|Hours after the Aug. 11 storm the polluted Red Run Drain |
in Warren was still nearly 20 feet above its normal level.
Blame it on climate change, blame it on freaky weather, blame it on Oakland County arrogance, but the bottom line – or should I say the flood waterline that is still visible on some trees and buildings – shows that we still have a monumental pollution problem here in Macomb County.
The 2.1 billion gallons of partially treated sewage that was flushed into Macomb County waterways from the Oakland County sewer system during the Aug. 11 storm should serve as a splash of cold water in the face for all those involved.
A single-event sewage overflow of 2 billion gallons had been simply unfathomable – until now. And the severe downpours we now experience several times a year suggest that officials should recalculate what they’re up against and reconsider past opposition to major improvements of outdated sewers.
The drenching rain on Aug. 11 was labeled by the experts as a 300-year storm, meaning it’s probable we will experience a downpour like that once every 300 years. The southeast Oakland County sewer system that sends its wastewater to our county is designed to handle a 10-year storm.
Sure, the wild weather of three weeks ago was nearly unprecedented, with 5 inches of precipitation in a relatively short span. But few remember that as recently as May 27-28 of this year we experienced a 3-inch rainstorm.
Oakland County authorities for two decades have brushed aside worries about the sewage-laced stormwater they discharge into our county, despite the fact that it flows through numerous residential neighborhoods along the Red Run Drain and Clinton River before it spews into Lake St. Clair.
That lake, though water levels are much improved, continues to exhibit a disturbing amount of weed growth. In some places, the shoreline is plagued by muck and algae and towering aquatic plants that have created a foul-smelling jungle along the seawall. High E. coli bacteria levels remain a constant concern.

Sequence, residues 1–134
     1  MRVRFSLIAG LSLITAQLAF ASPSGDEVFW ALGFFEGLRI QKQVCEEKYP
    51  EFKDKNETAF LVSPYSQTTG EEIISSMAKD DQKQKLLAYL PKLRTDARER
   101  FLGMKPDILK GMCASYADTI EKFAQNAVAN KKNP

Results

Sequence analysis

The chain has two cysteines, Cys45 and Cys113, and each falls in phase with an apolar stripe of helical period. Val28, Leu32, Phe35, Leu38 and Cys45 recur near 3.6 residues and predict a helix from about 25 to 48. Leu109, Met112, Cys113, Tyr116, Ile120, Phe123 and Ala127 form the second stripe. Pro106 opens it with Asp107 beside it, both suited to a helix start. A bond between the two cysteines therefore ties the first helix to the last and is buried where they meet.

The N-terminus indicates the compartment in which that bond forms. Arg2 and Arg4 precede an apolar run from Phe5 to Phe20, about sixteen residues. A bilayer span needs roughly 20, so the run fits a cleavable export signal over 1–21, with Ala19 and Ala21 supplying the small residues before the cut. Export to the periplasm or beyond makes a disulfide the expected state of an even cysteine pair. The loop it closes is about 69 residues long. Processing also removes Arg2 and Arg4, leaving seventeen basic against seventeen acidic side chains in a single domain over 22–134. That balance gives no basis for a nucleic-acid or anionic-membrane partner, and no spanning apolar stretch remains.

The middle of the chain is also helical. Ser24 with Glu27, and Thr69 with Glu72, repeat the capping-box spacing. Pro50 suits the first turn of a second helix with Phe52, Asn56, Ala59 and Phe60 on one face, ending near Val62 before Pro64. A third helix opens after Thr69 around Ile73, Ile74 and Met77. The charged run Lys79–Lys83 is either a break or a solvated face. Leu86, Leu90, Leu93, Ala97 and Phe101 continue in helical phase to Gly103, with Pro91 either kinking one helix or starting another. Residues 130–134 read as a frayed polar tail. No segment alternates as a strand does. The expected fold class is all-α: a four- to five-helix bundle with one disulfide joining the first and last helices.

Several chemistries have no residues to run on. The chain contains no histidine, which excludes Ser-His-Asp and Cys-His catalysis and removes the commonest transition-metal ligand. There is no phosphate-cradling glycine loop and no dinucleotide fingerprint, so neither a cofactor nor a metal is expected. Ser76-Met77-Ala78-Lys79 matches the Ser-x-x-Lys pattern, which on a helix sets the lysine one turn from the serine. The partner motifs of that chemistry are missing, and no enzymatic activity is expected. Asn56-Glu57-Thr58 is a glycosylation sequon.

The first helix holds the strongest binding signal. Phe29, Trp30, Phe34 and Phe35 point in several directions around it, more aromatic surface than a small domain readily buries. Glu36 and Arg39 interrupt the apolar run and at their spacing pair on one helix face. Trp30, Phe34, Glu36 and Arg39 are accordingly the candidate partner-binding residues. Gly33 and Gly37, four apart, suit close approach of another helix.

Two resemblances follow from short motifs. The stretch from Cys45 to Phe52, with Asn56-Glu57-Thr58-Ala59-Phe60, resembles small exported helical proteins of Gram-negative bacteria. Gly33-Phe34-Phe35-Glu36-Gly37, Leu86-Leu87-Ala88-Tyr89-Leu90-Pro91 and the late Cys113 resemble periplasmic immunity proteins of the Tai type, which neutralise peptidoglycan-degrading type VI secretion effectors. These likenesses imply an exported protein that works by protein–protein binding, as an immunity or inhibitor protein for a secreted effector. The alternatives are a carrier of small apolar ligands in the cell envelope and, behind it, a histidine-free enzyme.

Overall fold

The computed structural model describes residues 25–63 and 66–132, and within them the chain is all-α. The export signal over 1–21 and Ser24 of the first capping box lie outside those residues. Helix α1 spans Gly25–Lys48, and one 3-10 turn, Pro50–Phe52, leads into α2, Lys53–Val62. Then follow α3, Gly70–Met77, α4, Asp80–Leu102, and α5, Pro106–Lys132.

Frustrated lakefront homeowners cannot get the ear of the Oakland County officials upstream who have done little to address the problem. Oakland officials’ lack of transparency is as murky as the brown water they send our way.
Nearly a decade ago, Oakland spent $144 million on sewer improvements in the Madison Heights area and to upgrade the massive Twelve Towns Drain, also known as the GWK Drain. But, for all that money, they only gained an additional 30 million gallons of capacity.
Meanwhile, the outfall from the underground GWK basin, which handles human waste from 14 communities, conveniently dumps into the Red Run at Dequindre, right at the Warren/Macomb County border.
Imagine the uproar if that wastewater flowed in the other direction, to places such as Cass Lake, Orchard Lake and the streams that flow through West Bloomfield and Bloomfield Township.
Officials in Oakland County say their process is to settle, sift and chlorinate sewer water before releasing it. But in the deluge that occurred on Aug. 11 it’s doubtful the wastewater was sufficiently treated throughout the two-day release. The discharge flowed out of the GWK at a rate of more than 1 million gallons a minute. With such a flush, how could they keep up?
Their facility was so overwhelmed by the flooding that it took the Water Resources Commissioner’s office two weeks to come up with the 2.1-billion gallon estimate.
And they still won’t say how long they left the floodgates open.
An early estimate shared with the Macomb County Health Department said that the GWK overflowed for 32 hours. That’s about 66 million gallons an hour. And each of those hourly increments of 66 million was the equivalent of about 4,000 backyard swimming pools.
It’s true that Macomb County facilities dumped about 400,000 gallons of tainted water into the waterways during the storm, some of which was raw, untreated sewage.
It’s also true that Macomb officials have failed for a decade to push Clinton Township and Center Line to quickly make the repairs necessary to stop their periodic dumping of raw sewage into the Clinton River. Officials have also given Warren a pass on its increasingly frequent pollution.
But the flushes coming from across Dequindre for the past several years average more than 1 billion gallons combined on a yearly basis. Those volumes cannot be ignored.
What effect will all of this have on liabilities and insurance rates for downstream communities? How difficult might it be for individual homeowners to secure coverage?
Former Oakland Water Resources Commissioner John McCulloch used to brag about his county’s “shimmering lakes” that created a “water wonderland.” He sounded like the homeowner who boasts about his well-kept lawn while dumping his trash into the neighbor’s yard.
In 2012, when the voters replaced McCulloch with Jim Nash, the new water resources commissioner promised a greater emphasis on environmental protection. But we’re still waiting for a noticeable change.
In the two weeks following the storm, Nash was largely unavailable for comment. When he finally released a statement, the tone was hardly apologetic or one of concern.
In this era of the ice bucket challenge, perhaps it’s time for Macomb officials to create an ultimatum for their Oakland County counterparts: Clean up your act or take the brown bucket challenge.